One of my favorite quotes lately: “If you see the glass as half empty, pour it into a smaller glass and stop bitching.”
Be optimistic instead of looking at a situation as hopeless. I for one, choose to think this way as much as I can, though I have my bad days where nothing seems to go right. I truly believe that we have the ability to make ourselves happy or unhappy. We all want to be successful in life or, at least comfortable but sometimes we get so close to reaching our goals but we get discouraged and quit.
My mother is a great reminder to me of why I refuse to be mediocre or a complainer. She has been through hell and back; she has had to hustle to survive for as long as I can remember. She was married twice; her first marriage was to my father who left when I was about 3 years old and my sister was not even born. She later remarried to another man with whom she had two kids. Her second marriage was no better than the first, she was left with two more children to care for on her own.
Being our sole provider was not easy, mom was hardly ever home. I should explain that where I come from, there are very few opportunities for work especially for a woman, and even when there are opportunities, you have to have a college degree.
My mother’s only means of supporting her family was to travel across the continent and sell women’s apparel. Though, most times she came home discouraged because business was bad, she never gave up.
I wonder how my mother felt knowing that she was the sole provider in a culture where women were looked at only as homemakers and nothing else.
All my life I’ve felt my mother was a superwoman. She did not need someone to take care of her because she always worked despite the challenges she faced as a woman.
She traveled, and she made sure my education was priority when I was old enough to start school, even though many parents of girls in our culture had dreams of their daughters getting married young and having children to bring honor and a good name to their family. Boys were supposed to be educated and take care of their family, girls were to be married and financially supported by their husband.
Many families with mothers and fathers in the household struggled to afford everyday necessities due to poverty. Because of my mother, our family never went hungry or wanted for anything. My sister and I had nice clothes compared to most children we knew, we had dolls, toys and things other little girls could only dream of at the time. Even though we were financially better off than most, we were by no means rich; but, my mother and grandmother strongly believed in giving.
When my mother wasn’t there, our grandma and our aunt looked after my sister and I. These women are like very few I’ve met in my life. My mothers as I like to call them (my aunt, my mom and grandma), did not ask for anything from anyone no matter how difficult the situation they were in. They each would give you the shirt off their backs, but would not want anything in return, this is actually true for all the women in my mother’s family.
As a child, walking home from school, a man ran over my foot with his bicycle and injured my toe. True to the nature of the people in my culture, the man walked me home to my great aunt’s house to make sure I was okay and to apologize to my family. My mother was out at the time, but my great aunt was home and she decided that the man should wait for my mother so that he could explain to her what happened.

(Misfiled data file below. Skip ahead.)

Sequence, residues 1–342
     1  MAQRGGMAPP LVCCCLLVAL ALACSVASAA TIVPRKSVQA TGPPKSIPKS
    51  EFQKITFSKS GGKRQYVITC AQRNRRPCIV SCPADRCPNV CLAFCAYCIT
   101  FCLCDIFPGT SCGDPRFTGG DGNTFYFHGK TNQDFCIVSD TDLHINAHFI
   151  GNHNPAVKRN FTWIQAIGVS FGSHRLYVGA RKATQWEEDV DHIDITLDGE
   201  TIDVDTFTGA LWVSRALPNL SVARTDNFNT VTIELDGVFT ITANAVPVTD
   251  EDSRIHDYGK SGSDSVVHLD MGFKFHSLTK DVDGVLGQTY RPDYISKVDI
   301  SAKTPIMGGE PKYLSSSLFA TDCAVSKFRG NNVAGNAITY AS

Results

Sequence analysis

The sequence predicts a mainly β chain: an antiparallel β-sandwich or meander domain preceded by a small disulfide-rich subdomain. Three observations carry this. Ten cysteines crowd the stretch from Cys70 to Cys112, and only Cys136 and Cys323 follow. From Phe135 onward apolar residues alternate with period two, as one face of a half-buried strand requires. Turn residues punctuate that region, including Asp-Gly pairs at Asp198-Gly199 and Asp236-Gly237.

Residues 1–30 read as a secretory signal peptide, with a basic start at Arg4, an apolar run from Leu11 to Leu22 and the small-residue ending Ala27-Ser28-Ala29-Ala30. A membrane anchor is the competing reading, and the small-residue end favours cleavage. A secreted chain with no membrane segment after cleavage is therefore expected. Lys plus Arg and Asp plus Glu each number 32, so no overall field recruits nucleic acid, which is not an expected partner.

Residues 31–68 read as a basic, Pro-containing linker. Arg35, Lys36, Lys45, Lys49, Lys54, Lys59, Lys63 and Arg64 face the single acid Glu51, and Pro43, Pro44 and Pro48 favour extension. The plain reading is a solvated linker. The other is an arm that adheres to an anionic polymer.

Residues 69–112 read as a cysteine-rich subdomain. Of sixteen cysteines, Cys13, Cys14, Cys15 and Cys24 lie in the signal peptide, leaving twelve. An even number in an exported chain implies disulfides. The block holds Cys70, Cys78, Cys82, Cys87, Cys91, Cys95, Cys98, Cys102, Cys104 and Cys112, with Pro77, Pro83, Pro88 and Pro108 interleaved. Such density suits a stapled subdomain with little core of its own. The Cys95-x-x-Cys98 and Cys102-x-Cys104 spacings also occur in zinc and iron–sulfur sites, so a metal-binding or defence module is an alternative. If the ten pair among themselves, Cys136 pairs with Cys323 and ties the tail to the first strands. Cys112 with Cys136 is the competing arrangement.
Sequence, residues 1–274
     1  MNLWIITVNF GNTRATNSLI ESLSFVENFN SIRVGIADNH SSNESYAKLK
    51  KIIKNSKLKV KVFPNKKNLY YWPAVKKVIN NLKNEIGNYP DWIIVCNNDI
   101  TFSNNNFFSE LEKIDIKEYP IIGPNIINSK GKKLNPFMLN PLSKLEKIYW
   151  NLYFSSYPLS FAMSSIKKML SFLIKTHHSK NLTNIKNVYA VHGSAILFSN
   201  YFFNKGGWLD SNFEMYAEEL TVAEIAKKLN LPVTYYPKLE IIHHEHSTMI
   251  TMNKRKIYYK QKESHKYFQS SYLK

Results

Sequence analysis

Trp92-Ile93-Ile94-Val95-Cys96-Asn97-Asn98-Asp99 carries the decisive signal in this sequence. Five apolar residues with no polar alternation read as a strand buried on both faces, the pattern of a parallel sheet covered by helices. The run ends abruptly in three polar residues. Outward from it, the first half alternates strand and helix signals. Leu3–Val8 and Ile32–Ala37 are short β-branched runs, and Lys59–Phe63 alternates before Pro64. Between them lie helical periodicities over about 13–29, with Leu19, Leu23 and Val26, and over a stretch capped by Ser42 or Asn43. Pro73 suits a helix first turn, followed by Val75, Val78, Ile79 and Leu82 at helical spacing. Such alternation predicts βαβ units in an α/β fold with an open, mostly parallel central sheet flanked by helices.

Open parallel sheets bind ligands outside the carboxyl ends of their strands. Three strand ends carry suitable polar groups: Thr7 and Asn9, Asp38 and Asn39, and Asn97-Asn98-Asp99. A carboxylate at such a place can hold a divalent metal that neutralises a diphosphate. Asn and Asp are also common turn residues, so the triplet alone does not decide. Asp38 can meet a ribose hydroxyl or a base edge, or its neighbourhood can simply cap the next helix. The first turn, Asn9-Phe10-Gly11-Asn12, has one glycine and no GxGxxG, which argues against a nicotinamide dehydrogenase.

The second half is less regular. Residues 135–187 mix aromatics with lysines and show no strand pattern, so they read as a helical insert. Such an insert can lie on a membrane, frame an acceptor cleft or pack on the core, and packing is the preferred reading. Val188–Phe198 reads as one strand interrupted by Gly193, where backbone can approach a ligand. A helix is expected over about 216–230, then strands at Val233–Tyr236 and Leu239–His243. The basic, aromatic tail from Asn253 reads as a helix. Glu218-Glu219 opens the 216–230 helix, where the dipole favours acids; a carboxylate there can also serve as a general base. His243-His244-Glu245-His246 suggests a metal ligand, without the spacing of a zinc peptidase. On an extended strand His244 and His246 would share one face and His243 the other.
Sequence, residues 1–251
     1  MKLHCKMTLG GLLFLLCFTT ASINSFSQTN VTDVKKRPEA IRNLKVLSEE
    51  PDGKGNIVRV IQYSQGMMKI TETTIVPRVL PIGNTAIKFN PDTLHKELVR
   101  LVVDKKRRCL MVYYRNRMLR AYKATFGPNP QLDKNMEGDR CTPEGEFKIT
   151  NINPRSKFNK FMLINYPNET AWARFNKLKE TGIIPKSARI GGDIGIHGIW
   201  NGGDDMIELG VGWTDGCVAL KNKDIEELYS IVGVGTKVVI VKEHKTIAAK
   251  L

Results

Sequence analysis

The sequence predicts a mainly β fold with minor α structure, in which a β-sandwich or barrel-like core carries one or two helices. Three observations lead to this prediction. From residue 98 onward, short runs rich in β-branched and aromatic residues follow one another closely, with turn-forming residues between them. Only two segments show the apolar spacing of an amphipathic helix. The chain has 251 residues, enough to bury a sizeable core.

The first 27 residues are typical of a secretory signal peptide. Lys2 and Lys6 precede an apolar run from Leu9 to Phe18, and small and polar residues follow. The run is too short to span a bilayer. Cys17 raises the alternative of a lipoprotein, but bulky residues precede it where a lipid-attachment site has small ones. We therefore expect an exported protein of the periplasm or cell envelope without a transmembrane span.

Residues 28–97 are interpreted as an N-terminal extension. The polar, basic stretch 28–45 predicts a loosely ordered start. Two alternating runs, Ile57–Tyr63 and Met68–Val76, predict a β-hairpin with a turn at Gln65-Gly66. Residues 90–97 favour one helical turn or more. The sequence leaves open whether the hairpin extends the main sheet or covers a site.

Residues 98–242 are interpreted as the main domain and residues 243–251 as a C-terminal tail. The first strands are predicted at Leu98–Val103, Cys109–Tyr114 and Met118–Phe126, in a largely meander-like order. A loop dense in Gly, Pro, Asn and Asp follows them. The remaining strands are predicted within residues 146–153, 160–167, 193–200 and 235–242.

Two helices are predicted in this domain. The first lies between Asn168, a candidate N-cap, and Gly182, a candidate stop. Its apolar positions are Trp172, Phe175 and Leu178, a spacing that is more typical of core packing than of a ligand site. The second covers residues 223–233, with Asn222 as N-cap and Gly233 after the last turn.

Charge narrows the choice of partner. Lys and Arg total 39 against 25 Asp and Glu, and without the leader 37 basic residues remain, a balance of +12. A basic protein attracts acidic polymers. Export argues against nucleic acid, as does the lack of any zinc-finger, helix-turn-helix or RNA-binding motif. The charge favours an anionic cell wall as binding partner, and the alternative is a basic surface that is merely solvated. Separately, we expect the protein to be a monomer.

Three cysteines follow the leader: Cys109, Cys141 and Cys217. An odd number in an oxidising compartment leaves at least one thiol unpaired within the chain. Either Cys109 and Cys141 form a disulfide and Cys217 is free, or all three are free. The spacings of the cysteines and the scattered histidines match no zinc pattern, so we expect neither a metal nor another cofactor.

When it comes to her children, my mother did not take things lightly so her aunt knew better than to make decisions without her consent especially, because I was hurt. While waiting for my mother, I remember my great aunt giving the man who injured me food and water and making sure he was comfortable.
As a child, I didn’t understand why she fed and cared about the man who had just hurt me. Even though this is the culture I grew up in, I did not realize that this man’s honesty and integrity was something that made him worthy of respect and forgiveness. This stranger realized his mistake, took full responsibility for it and chose to face the consequences regardless of what that meant. My mother had to explain this to me because I was too young to understand it at the time.
My mothers (all three of them) taught me strength, forgiveness, and to always help others whenever I can because no matter how much we have, it could all be gone just like that. They have taught me that when it is my time to leave this earth, I could not take my material possessions with me. They taught me that
The woman who gave me life is a true hero to me, yes, but I know she’s also a hero to many others; because of her kind heart, honesty, and fairness. I’ve spent most of my life without a father figure and I struggle as a woman because that was a very important but missing part of my life, but my mother has taught me how to be independent, strong, caring, the best mother I can be, and best of all, to never ever give up. I will always be grateful to her for being the woman she is, even though she was probably not aware that I was watching her and becoming who I am because of who she was.
Now I have a daughter who is also watching me while I shape the young lady she will become one day. I am not perfect, I make mistakes, I make poor decisions; but I will teach my daughter that despite my flaws, I can make a difference in this life. I will teach her to love herself first, to treat others as she wants to be treated, to choose optimism always and to strive to be self-sufficient in every way possible.